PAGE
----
RTs and PE for the SRC task are shown in Table 1. For the SRC task, an ANOVA found an increase in RTs for both the incompatible versus compatible trials, F(1, 29) = 72.8, p < .001, MSE = 2,614, and when discriminability is reduced, F(1, 29) = 170.27, p < .001, MSE = 2,459. As in Experiments 1 and 2, reduced discriminability did not influence the compatibility effect (76 ms with high discriminability and 83 ms with low discriminability) in the SRC task, F(1, 29) < 1.0. PE showed a similar pattern, with an increase in errors on incompatible trials, F(1, 29) = 25.43, p < .001, MSE = 10.27, and with low discriminability, F(1, 29) = 9.24, p = .005, MSE = 1.67, but no interaction between Compatibility and Discriminability, F(1, 29) = 2.00, p = .17, MSE = 2.61.
The discriminability manipulation in Experiment 2 was successful at reducing the quality of both the spatial and non-spatial features of the location word, as evidenced by a roughly equivalent increase in RT in the low discriminability conditions of both the SRC and Simon tasks (118 ms and 129 ms respectively), F(1, 29) < .1.0. Once again, lowered discriminability increased PE in the SRC task, but overall PE was low. The compatibility effect in the Simon task remained unaffected by the discriminability manipulation, suggesting that reducing the legibility of the word did not reduce the overall level of automatic response activation. Rather, reducing the discriminability of both the irrelevant and relevant stimulus features delayed responding but retained temporal overlap and the interference between automatic response activation and response selection.
The goal of the current research was to examine the influence of discriminability of the task-relevant and irrelevant stimulus features on the compatibility effect in location word versions of the Simon task. Three main conclusions can be drawn from the current results. First, reducing the discriminability of the irrelevant stimulus feature delayed automatic response activation until after response selection had taken place, as evidenced by the non-significant Simon task compatibility effect across the entire RT distribution in Experiment 1. Hommel (1996) suggested that in some cases, such as simple RT tasks, response selection occurs before compatibility effects have enough time to develop to an observable level. This view is confirmed by the results of Experiment 2 - when discriminability of both the irrelevant and relevant response features were reduced, the Simon effect was restored to the same size as when there was no stimulus degradation at all. According to the temporal overlap account, degrading the quality of the task-relevant and irrelevant features at the same time delayed processing of both, thereby increasing overall RTs but not changing the amount of overlap between response selection and automatic response activation. Consequently, the size of the compatibility effect remained unchanged. This interpretation is applicable to previous studies that found no change in compatibility effects following the general degradation of task stimuli (Adam, 2002; Christensen et al., 1996; Hasbroucq, Guiard, & Kornblum, 1989)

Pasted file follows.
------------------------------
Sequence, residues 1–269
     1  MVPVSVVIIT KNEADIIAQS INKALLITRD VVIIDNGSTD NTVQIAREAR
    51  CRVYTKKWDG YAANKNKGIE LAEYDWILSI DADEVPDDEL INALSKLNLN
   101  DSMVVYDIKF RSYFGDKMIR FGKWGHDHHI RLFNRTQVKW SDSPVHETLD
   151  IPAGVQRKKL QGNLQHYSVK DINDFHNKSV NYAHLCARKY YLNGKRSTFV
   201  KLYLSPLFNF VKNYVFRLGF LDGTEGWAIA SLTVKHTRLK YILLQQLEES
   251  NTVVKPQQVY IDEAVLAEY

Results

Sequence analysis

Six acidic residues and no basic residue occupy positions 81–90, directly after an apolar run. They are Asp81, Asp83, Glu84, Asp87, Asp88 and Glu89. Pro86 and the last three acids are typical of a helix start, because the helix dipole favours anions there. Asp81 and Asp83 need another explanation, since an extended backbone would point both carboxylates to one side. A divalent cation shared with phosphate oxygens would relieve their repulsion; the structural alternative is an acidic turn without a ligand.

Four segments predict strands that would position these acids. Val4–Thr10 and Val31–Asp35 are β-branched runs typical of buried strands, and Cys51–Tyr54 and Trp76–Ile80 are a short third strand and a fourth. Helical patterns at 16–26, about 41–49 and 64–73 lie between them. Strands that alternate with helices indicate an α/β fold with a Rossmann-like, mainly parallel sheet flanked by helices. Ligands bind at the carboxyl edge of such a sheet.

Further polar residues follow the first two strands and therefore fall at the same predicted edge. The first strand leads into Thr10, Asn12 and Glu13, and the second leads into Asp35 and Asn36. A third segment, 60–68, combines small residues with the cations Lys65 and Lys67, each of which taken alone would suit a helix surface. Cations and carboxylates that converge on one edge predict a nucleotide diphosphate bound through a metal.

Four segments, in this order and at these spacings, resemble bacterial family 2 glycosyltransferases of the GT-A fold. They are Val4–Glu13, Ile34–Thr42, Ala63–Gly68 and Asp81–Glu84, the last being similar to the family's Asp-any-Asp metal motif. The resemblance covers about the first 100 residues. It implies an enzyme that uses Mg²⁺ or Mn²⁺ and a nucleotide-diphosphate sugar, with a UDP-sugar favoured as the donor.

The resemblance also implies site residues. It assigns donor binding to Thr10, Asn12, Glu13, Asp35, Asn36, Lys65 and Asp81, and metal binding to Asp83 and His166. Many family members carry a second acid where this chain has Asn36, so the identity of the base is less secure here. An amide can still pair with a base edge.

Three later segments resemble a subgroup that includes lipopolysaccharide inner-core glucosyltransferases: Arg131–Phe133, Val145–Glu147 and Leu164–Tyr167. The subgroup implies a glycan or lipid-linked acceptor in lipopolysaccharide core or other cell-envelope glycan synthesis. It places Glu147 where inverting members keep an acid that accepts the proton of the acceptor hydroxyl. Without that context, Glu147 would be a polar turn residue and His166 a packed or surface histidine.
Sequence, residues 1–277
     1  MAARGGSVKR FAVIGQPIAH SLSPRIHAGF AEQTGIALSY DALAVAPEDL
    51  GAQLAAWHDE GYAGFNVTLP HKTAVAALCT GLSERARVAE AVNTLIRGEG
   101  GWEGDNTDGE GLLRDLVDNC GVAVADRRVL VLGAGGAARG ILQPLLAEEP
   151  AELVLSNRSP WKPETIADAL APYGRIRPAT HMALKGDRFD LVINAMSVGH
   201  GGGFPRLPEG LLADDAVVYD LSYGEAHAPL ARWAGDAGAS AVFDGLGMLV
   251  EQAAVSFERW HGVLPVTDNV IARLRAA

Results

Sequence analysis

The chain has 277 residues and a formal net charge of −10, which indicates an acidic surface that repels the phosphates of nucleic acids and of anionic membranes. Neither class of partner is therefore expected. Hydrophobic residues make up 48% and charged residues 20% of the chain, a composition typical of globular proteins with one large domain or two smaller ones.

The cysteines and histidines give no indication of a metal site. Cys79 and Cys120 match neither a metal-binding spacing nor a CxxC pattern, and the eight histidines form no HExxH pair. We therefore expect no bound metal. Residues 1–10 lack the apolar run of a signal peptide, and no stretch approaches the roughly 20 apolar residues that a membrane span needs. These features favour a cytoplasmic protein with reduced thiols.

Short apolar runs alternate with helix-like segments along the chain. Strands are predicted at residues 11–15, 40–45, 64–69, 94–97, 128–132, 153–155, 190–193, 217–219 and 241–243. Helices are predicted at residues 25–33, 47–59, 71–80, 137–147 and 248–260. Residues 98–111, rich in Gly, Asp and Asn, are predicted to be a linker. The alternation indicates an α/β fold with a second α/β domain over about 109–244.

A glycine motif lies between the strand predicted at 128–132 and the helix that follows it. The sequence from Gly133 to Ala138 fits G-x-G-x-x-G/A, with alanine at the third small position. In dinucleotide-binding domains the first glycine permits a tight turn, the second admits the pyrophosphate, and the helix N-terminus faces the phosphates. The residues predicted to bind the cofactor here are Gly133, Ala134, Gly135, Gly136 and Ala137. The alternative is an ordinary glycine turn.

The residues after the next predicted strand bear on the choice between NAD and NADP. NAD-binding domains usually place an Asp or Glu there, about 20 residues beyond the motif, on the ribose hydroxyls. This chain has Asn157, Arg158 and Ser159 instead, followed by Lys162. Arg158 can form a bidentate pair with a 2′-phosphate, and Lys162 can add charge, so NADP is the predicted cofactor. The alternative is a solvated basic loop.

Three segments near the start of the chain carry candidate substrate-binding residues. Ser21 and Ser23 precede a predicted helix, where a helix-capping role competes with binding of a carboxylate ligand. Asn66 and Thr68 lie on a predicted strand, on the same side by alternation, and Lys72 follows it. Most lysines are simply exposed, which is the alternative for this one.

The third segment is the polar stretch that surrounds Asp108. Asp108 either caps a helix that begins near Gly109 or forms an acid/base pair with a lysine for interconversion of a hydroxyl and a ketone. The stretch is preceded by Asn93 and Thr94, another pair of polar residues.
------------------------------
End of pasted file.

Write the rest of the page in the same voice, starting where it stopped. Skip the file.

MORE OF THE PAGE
Although the current data favor a temporal overlap account of compatibility effects, a level of activation account cannot be fully ruled out. There is some evidence that automatic response activation in the Stroop color-naming task, a task that is similar to the Simon task, is sensitive to attention. For example, Kahneman and Chajczyk (1983) found that the influence of a flanker word is diminished when presented in conjunction with additional distractor words, suggesting that lexical processing is strongly related to attention demands (for an alternative account, see Brown, Roos-Gilbert, & Carr, 1995). Furthermore, Lien et al. (2008) found that a secondary task can attenuate the semantic processing of words. Degrading task-irrelevant spatial information in the Simon task may also minimize processing of the spatial information conveyed by a location word and reduce the overall level of automatic response activation, thereby lowering its interference with response selection and eliminating the compatibility effect in Experiment 1. Additionally, the compatibility effect in the low discriminability version of the Simon task remained small across the entire RT distribution, which would be expected if automatic response activation were minimized.
However, an activation account has more difficulty explaining the existence of a compatibility effect in Experiment 2, in which the discriminability of the task-relevant feature was reduced along with the task irrelevant feature. In terms of an overall level of activation account, the degradation of the task-irrelevant spatial information should always lead to a weaker automatic activation of the corresponding response. It is possible that degradation of the task-irrelevant feature in the Simon task may have indeed reduced the overall level of automatic response activation. However, the task-relevant feature now required additional processing in order to select the correct response, and this additional processing led to increased activation of the task-irrelevant feature, thereby restoring its influence on behavior. If this is the case, then the magnitude of response activation is determined by at least two factors: automatic activation of the response by the task-irrelevant stimulus feature and the amount of attention allocated to processing the feature.